Choosing the Best Fabric
When choosing bedroom curtains, start with material—cotton is the most common option. "Cotton is light, breathable, and easy to care for," says Emery. Opt for a machine-washable fabric if you prefer convenience. However, if you want a luxury vibe, consider a heavier, more sumptuous fabric.
Cotton is soft and breathable, but it's also an insulator. It can have a denser weave than linen, making it slightly warmer. In the winter, consider switching to a heavy cotton curtain to help prevent drafts while adding style and texture to the room.
Benefits of linen curtains
There is a crisp, clean appeal to linen, whether you go for a dyed fabric or the natural linen colour. It makes a room appear a lot brighter while still offering privacy. The natural weave also lets in plenty of fresh air when you have the curtains closed but window open.
Sheer curtains offer little during the day and almost none at night. The moment the sun goes down and lights come on inside the house, sheer curtains can completely expose you to outsiders. Semi-sheers are less translucent and their weave is denser.
Your best option is 100% linen or linen blended with rayon. These are much more durable fabrics that are resistant to wrinkling and won't fade as easily.
Polyester, a synthetic, is a warmer fabric, is more stretchy, and holds colors better. However, linen, made from the natural fibers of the flax plant, is significantly more environmentally friendly, especially when grown organically, making linen a better choice for long-term sustainability.
Yes linen will shrink naturally after its first wash. The average is around 4% shrinkage for pure linen. To prevent changes to the shape and size of clothing and textiles, many companies sell pre washed linen fabric. Thanks to this initial wash, the fabric will only have minimal shrinking when it's next washed.
Lightweight Fabric- Lightweight fabrics, like lace, sheer cotton and linen, are very good choices for curtains. Consider the decoration of your home and the amount of light that comes through your windows if you are selecting lightweight fabric for sewing your curtain.
You may not need to line drapery weight cotton fabric, though lining can add to its strength and durability, and looks. Canvas. Canvas is a strong, durable, tightly-woven cotton fabric that is a staple fabric for home decor and utility. Not only does it look good, but it's also great for blocking light.
How High to Hang Curtains. A rule of thumb (from Architectural Digest) is that curtains should be hung between four to six inches above the window frame, so install your curtain rod accordingly. When you hang the curtain rod high, it will make the window appear taller.
It is always a good idea to match your curtain color with home decor pieces. A double layer of one sheer and one blackout is a classic and functional choice. If you are looking for minimal and modern style, pick a color that is close to you wall color or a slightly darker shade.
The most common types of curtain fabric are cotton, silk, linen, polyester, velvet, acrylic, rayon, brocade, lace and voile.
Sheers are a must in 2020
Not only do sheer curtains look elegant but they also offer a light breezy feel and are perfect for living rooms, bedrooms and kitchen windows. Curtains crafted of sheer fabric can be used separately or behind heavier drapes for an appealing view.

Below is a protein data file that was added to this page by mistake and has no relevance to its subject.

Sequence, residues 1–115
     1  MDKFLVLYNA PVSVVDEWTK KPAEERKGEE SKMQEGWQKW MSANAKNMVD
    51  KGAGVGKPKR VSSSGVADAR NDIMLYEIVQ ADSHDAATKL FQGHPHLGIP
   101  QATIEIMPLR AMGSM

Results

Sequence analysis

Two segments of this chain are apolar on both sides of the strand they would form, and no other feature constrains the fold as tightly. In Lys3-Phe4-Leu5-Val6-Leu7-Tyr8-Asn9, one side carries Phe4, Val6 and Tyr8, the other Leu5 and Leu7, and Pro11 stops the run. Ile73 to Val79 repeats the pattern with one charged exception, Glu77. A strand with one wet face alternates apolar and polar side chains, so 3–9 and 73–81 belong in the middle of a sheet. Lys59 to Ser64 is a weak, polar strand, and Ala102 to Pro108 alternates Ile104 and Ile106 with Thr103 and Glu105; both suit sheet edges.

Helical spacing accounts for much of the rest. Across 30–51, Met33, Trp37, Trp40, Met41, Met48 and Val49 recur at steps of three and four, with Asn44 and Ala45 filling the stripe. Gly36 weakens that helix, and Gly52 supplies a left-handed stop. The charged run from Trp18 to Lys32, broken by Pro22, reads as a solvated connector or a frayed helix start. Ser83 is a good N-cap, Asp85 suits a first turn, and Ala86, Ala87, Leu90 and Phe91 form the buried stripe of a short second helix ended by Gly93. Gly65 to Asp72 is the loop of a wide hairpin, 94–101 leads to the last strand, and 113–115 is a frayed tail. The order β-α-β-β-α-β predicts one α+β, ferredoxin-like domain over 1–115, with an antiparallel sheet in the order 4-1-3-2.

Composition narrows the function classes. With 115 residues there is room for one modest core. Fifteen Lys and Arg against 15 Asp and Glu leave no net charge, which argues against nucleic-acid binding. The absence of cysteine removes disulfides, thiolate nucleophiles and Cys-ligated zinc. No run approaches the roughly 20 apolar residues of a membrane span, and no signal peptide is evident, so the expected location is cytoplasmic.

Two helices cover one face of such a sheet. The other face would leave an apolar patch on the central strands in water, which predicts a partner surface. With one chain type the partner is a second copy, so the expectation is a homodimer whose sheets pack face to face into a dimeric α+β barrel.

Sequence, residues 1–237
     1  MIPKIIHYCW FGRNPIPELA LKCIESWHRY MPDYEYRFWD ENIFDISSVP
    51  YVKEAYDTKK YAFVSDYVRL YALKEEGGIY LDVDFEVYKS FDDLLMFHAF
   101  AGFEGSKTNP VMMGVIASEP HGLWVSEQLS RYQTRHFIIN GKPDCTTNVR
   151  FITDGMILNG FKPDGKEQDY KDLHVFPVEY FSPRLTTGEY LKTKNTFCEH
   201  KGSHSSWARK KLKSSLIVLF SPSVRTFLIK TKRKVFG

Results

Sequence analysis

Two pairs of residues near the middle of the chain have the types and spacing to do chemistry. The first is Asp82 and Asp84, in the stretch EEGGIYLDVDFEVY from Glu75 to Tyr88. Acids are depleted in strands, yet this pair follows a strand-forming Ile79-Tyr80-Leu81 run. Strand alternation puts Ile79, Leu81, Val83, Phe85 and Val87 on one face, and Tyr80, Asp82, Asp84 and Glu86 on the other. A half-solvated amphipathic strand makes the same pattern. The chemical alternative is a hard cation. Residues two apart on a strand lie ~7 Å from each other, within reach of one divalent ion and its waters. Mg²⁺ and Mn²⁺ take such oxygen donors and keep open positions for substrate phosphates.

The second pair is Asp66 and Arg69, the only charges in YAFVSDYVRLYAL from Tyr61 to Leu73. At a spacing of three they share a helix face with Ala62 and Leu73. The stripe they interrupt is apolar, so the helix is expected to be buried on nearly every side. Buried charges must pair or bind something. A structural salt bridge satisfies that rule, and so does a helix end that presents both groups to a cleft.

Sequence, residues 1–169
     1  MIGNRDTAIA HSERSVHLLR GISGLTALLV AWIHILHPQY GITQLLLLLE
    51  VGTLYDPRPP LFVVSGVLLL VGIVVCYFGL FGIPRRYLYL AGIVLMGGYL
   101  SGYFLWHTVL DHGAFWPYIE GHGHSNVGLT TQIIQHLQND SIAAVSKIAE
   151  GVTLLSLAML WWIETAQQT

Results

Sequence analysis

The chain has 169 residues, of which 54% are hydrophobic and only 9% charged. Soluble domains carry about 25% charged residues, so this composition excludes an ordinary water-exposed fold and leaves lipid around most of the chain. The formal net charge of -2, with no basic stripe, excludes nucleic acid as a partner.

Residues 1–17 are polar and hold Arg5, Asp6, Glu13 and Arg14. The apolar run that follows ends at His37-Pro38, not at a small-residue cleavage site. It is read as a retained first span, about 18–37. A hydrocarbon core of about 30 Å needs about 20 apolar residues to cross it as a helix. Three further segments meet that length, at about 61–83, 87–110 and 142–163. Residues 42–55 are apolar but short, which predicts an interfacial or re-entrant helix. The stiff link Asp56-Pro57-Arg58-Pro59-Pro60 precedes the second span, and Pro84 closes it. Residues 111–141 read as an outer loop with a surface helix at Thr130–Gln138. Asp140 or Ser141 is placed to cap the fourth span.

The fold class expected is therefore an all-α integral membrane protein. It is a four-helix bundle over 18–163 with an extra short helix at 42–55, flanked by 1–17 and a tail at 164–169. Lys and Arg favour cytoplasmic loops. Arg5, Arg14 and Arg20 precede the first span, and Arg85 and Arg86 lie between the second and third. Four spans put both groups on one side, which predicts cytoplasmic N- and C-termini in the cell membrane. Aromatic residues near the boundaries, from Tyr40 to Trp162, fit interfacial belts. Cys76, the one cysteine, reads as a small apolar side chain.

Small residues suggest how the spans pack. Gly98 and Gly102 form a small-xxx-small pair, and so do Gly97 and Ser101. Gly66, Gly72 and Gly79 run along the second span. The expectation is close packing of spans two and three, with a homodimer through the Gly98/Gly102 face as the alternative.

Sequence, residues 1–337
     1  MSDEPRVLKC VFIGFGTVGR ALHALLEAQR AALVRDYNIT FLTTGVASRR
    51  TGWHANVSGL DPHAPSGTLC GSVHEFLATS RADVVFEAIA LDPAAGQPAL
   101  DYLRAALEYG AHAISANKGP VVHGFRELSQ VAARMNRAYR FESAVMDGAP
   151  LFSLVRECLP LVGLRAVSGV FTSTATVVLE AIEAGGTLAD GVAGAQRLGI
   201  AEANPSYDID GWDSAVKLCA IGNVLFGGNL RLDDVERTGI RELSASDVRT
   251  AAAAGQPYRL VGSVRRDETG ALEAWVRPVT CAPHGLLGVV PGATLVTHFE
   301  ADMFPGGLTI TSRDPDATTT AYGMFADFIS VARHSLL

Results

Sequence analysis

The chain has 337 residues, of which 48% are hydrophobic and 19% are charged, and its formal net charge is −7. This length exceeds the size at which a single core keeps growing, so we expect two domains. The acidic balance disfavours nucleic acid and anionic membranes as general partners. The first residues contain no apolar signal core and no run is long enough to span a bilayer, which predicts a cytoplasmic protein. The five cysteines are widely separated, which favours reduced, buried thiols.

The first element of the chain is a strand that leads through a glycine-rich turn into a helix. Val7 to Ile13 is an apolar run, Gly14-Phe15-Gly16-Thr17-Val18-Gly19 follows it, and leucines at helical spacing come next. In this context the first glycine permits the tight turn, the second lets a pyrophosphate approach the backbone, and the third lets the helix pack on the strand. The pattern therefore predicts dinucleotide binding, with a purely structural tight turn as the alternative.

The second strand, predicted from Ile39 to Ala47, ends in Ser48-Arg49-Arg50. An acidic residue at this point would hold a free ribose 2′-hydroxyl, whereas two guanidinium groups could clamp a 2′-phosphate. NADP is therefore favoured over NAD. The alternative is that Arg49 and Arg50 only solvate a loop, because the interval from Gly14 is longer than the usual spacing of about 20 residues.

Although you can wash all pure linen dresses, tunics, trousers and shirts in a washing machine, other materials used for stitching, trim or lining may need to be dry cleaned, or you might need to hand wash them.
If you're short on time, a quicker way to do unshrink fabric is to fill a spray bottle with lukewarm water to dampen the linen. Doing this keeps you from having to place the fabric in water for 10 minutes and then wait on it to air dry. Just dampen the fabric, then iron it using the same steps above.
The answer is yes. You can unshrink them in the same way that you would unshrink adult clothes. Fill a sink up with warm water and add a tablespoon of baby shampoo. Leave the clothes to soak for half an hour, then wring out the excess water and start stretching out the fabric gently evenly all around the garment.
Texture and Feel. One good standard for linen quality is the tightness of the weave. Tighter weaves mean the texture is even and smooth, with fewer “pores” or gaps in between. Tighter weaves are almost always the defining mark of higher thread count linens, and therefore feel softer with less snag to the skin.
There are four main types of linen fabric that differ based on the weaving technique used: Damask linen: the most delicate variety which is similar to embroidery. Plain-woven linen: a hardier variety often used in towels and dish towels. Loosely woven linen: an absorbent but less durable option used for napkins.
Faux linen, literally, means fake linen, and it refers to the fabric of the shirt. In the case of this shirt, real linen is not actually used; instead, a mix of materials, 68% Cotton and 32% Polyester for this shirt, is used to make the shirt seem as if it is made of real linen.
Linen is more resistant to heat and can comfortably be ironed, restoring your curtains to their most tidy appearance. The softer and sheer linen is particularly suited to windows that are frequently opened, as they can blow gently in the breeze.
For the winter months, you will want to stay away from those thinner fabrics like linen or lace and any kind of sheer material. These fabrics allow for air flow through the material and will certainly not help to keep the cold air out in the wintertime.